As an undergraduate student at Murray State University in the late 80s, my favorite class by far was physiological psychology–the study of brain structures and functions. I was very intrigued with how the brain supports the mind and behavior. I enjoyed research and won the Kentucky Academy of Sciences award for research in the Psychology Division in 1989.
In graduate school at the University of Louisville, I found a love for working with individuals and couples as well as a love for assessment and testing. I began pursuing counseling rather than research – diving deep into family systems work as well as psychological testing. I completed one internship at the Veteran’s Administration in counseling and another internship providing neuropsychological testing.
I started my professional career as a counselor at the University of Evansville and worked with traditional college-age students, faculty and staff. I thoroughly enjoyed the energy of the undergrad students, and I also enjoyed teaching a few classes. I loved creating and presenting workshops for groups on campus about mental health concerns in addition to my regular counseling appointments.
After having two children, my husband and I moved to Columbus, IN where I worked with clients at Personal Growth Associates, a division of Quinco, a community mental health agency. Following another move, back to Kentucky, I began counseling in a private practice – The Offices of Paul Dalton in Frankfort, Kentucky, and there I realized that private practice was definitely for me. I enjoyed working with individuals but also pursued specialized training in Gottman Method Couples Counseling. While not certified, I do have extensive training in his method which I have used on a weekly basis since.
After moving to Bloomington in 2014, I have been a part of the private practice at New Outlook Counseling Center. My children both graduated from Edgewood High School in Ellettsville and have gone on to college, my daughter in West Virginia and my son in Boston (you can ask me, but be prepared – I love to talk about my kids!). My husband, Chuck, and I have been married 30 years as of December 2020. It takes a lot to keep a marriage together for 30 years, trust me, we know.
So why neurofeedback? While listening to the book “The Body Keeps the Score” by Bessel Van Der Kolk, I was struck by the honesty he relayed. This expert in the field of trauma work, a Harvard-trained psychiatrist, was acknowledging the fact that very good therapy can go out the window when the nervous system is on high alert. Many of the good coping skills that are learned and practiced in traditional talk therapy can be rendered useless when the nervous system is hijacked. It validated not only what I have seen in my own practice, but also what I experience in my own life. My own nervous system and that of my clients can be hijacked at the exact moment we want or need to implement those coping skills or relational skills. The idea that the brain (nervous system) could derail a person is mirrored over and over in research literature – Gottman, Porges, Fisher, and Sterman, to name just a few.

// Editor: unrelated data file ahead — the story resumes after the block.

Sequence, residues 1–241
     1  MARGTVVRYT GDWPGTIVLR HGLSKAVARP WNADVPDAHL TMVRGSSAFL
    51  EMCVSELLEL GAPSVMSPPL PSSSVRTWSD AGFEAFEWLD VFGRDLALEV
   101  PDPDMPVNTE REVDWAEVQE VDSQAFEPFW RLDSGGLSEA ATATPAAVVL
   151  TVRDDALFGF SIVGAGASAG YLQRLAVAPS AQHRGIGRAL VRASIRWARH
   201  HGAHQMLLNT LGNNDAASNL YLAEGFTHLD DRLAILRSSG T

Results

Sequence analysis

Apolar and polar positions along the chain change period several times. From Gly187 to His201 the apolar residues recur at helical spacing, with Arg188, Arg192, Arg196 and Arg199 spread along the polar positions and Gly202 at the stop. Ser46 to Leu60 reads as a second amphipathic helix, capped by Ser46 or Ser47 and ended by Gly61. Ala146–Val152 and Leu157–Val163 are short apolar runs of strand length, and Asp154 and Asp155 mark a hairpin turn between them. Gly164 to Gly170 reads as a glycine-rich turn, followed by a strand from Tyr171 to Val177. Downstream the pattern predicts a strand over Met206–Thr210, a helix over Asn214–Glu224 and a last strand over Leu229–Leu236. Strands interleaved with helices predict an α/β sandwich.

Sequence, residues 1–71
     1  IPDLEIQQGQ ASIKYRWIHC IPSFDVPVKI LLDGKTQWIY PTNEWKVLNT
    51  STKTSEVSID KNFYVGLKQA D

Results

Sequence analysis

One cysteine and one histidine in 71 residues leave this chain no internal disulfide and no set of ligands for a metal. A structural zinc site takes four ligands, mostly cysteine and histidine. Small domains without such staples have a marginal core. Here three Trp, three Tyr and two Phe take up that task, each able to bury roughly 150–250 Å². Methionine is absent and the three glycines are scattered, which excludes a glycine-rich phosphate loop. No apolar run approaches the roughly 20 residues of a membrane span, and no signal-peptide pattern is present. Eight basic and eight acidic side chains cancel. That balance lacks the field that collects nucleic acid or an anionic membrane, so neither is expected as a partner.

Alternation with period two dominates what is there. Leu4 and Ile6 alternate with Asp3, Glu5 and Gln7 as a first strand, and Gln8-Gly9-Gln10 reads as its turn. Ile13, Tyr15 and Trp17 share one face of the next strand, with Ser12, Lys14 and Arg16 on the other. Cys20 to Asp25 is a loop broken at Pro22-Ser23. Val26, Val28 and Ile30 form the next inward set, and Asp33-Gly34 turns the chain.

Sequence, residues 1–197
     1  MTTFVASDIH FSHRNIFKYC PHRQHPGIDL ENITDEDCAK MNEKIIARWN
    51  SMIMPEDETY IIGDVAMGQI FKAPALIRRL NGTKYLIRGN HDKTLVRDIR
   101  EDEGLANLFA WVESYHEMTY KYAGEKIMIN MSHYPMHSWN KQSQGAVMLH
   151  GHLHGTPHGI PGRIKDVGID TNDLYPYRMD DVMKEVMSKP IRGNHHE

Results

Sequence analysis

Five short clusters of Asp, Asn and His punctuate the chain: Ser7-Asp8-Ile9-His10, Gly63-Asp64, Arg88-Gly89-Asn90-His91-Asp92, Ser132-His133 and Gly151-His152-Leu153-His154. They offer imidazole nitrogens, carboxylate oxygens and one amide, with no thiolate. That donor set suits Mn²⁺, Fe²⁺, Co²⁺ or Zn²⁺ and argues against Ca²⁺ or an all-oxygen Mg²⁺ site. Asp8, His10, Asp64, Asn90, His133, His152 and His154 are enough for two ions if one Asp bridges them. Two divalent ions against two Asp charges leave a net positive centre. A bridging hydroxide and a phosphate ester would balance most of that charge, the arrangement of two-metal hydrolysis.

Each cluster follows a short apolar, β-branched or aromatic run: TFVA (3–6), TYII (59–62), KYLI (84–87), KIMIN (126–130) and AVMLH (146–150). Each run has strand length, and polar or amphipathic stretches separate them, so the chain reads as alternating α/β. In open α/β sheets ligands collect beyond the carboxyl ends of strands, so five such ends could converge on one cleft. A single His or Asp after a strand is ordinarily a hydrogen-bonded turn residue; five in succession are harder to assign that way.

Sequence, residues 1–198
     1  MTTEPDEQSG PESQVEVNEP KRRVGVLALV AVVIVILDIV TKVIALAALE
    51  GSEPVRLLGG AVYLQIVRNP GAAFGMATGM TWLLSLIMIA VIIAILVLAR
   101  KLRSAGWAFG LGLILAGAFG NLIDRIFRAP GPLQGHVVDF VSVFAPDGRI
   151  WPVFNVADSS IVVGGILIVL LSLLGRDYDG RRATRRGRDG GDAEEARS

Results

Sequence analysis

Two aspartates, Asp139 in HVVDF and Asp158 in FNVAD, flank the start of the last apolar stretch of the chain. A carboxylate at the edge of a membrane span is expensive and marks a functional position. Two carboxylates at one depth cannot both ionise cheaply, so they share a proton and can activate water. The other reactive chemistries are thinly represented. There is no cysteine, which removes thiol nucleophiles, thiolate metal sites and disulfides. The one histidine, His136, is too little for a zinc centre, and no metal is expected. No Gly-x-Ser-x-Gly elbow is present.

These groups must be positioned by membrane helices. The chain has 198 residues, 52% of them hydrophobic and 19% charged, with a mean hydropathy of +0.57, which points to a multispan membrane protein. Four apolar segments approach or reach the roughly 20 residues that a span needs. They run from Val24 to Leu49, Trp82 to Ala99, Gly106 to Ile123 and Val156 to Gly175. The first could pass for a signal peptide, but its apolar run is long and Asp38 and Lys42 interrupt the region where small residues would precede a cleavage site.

The brain works both electrically and chemically. Medication helps many people, but generally psychotropic medication does not heal the brain the way, say, an antibiotic cures strep throat. The medication must be continued, tends to lose effectiveness and must be titrated up, often has side effects, and it doesn’t work for everyone.
What if there was a way to monitor and train the electrical patterns in the brain to do the healing? What if the brain could learn to self-regulate and balance? What if a person could be an active part of their own healing without medication or with less medication? That is exactly what we find with Neurofeedback. Van Der Kolk goes on to devote an entire chapter to the research and efficacy of Neurofeedback. It was an “aha moment” for me due to my early love for brain structure and function as well as my leaning toward assessment.
Since that time, I’ve been in continual learning mode. There is no shortage of research (Research/Resources). In 2012 the American Academy of Pediatrics named neurofeedback as a top tier treatment for ADD/ADHD. Its efficacy for a multitude of other conditions is remarkable and exciting.
I’ve told my clients for years that my goal is to work myself out of a job. Basically I want them to develop the kind of life they want, the kind of results they want, and not need to see me after treatment is complete. I am so thoroughly confident that Neurofeedback can help accomplish this, that I left a comfortable private practice to start Bloomington Neurofeedback. I am a member of the ISNR (International Society for Neuroregulation and Research) and the AAPB (Association for Applied Psychophysiology and Biofeedback), and in the process of certification with the BCIA (Biofeedback Certification International Alliance).
I’m glad to offer this glimpse into my journey, and I’m excited and honored to join you in yours.